Well, after writing about a million half-poems for Black History Month in October, and deciding none of them put across what I wanted to say succintly enough, things just got a bit busy. And I'm still only 3 chapters into the novel, although I'm already worried about the dreaded s: structure.
Funny how, in October, apart from the odd Radio 4 programme, there wasn't much publicity about Black History Month. But there seemed to be a lot of stories about racism. The BNP got far more exposure than necessary with at least two prime-time programmes that I saw, and Bruce Forsyth decided to make a fool of himself defending a crass comment made by one of his Strictly Come Dancing trainers (I would normally never link to a Daily Mail article, but their slant on this is soo bad - including pictures of his Puerto Rican wife, which, of course, proves he doesn't have a racist/ignorant bone in his body). I varied between wanting to laugh and wanting to punch someone last month. So I kept quiet.
Anyway, I'm back to working in schools again, even as I await my 3rd Criminal Records check this year (I'm working in another borough, so I apparently need a new one before I can be trusted as a "non-con"). So I thought I'd share a section of a poem I started about Black History Month in schools. Maybe one day I'll finish it...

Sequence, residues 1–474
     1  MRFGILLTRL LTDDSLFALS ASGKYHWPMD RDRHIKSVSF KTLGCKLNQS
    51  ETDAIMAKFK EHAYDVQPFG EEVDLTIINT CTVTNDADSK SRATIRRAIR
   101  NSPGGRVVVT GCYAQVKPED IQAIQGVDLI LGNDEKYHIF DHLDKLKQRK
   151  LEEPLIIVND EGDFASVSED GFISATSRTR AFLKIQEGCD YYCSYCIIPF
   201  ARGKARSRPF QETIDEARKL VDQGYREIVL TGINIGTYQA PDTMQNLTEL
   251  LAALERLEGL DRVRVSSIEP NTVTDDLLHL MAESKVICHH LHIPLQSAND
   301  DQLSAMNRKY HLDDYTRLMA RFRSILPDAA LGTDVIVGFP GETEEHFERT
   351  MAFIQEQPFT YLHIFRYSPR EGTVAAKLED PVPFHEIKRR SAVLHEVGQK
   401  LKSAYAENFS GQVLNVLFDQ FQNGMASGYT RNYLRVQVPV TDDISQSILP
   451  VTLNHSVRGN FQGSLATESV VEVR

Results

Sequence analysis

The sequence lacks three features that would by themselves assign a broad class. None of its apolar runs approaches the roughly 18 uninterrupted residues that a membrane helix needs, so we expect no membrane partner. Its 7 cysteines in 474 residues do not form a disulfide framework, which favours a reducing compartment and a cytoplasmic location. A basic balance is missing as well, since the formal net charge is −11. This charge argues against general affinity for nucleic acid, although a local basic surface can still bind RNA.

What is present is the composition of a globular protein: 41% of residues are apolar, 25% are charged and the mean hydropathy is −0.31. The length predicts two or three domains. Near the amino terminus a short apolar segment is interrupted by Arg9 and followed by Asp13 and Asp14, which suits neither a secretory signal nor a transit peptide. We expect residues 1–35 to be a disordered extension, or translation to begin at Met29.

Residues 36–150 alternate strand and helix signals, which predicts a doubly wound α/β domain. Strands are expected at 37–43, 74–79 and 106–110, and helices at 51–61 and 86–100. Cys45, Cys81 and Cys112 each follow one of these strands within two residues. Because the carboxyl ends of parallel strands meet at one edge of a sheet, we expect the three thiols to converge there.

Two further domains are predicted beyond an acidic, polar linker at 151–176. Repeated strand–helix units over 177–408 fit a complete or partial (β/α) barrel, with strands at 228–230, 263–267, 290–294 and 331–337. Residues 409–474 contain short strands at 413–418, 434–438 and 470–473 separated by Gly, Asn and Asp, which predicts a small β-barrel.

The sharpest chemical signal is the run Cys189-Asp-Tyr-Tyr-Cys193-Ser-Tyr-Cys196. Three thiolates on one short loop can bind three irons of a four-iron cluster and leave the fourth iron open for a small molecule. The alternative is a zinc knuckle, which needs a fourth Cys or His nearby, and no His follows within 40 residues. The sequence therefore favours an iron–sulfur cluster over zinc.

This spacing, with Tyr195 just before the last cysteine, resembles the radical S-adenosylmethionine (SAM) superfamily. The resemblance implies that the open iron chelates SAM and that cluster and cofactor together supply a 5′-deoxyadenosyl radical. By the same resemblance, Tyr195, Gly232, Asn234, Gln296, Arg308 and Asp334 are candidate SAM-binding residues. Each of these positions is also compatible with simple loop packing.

It's that time again
Teachers cut-and-paste words from Martin Luther King and staple-gun them to walls
They line up children to sing Kum-ba-yah to politely-clasped hands
Waiting for the assembly to end
Die-hards dust off their dashikis in solidarity with their African roots
If they could only grow dreadlocks around that bald patch
How they would bind us together!
Aaliyah learns about Mary Seacole
How she was just as good as that other one we learnt about, class
Yes, that's right - Flo-rence Night-ing-ale
Can you all say it now together?
She scribbles the words down in her exercise book
Even though it all means nothing to her
A nurse travelling the world to place bandages on soldiers fighting some war
Is as alien as her mother who talks of running from the village
Her dead sister's hair in a bag.
See, they learnt about war last month
Sketched bomb shelters onto the walls and learnt to hide under the desks
While the siren went off above their heads
And Kwame decided to play dead.
Now Kwame's another story
But it's that time again.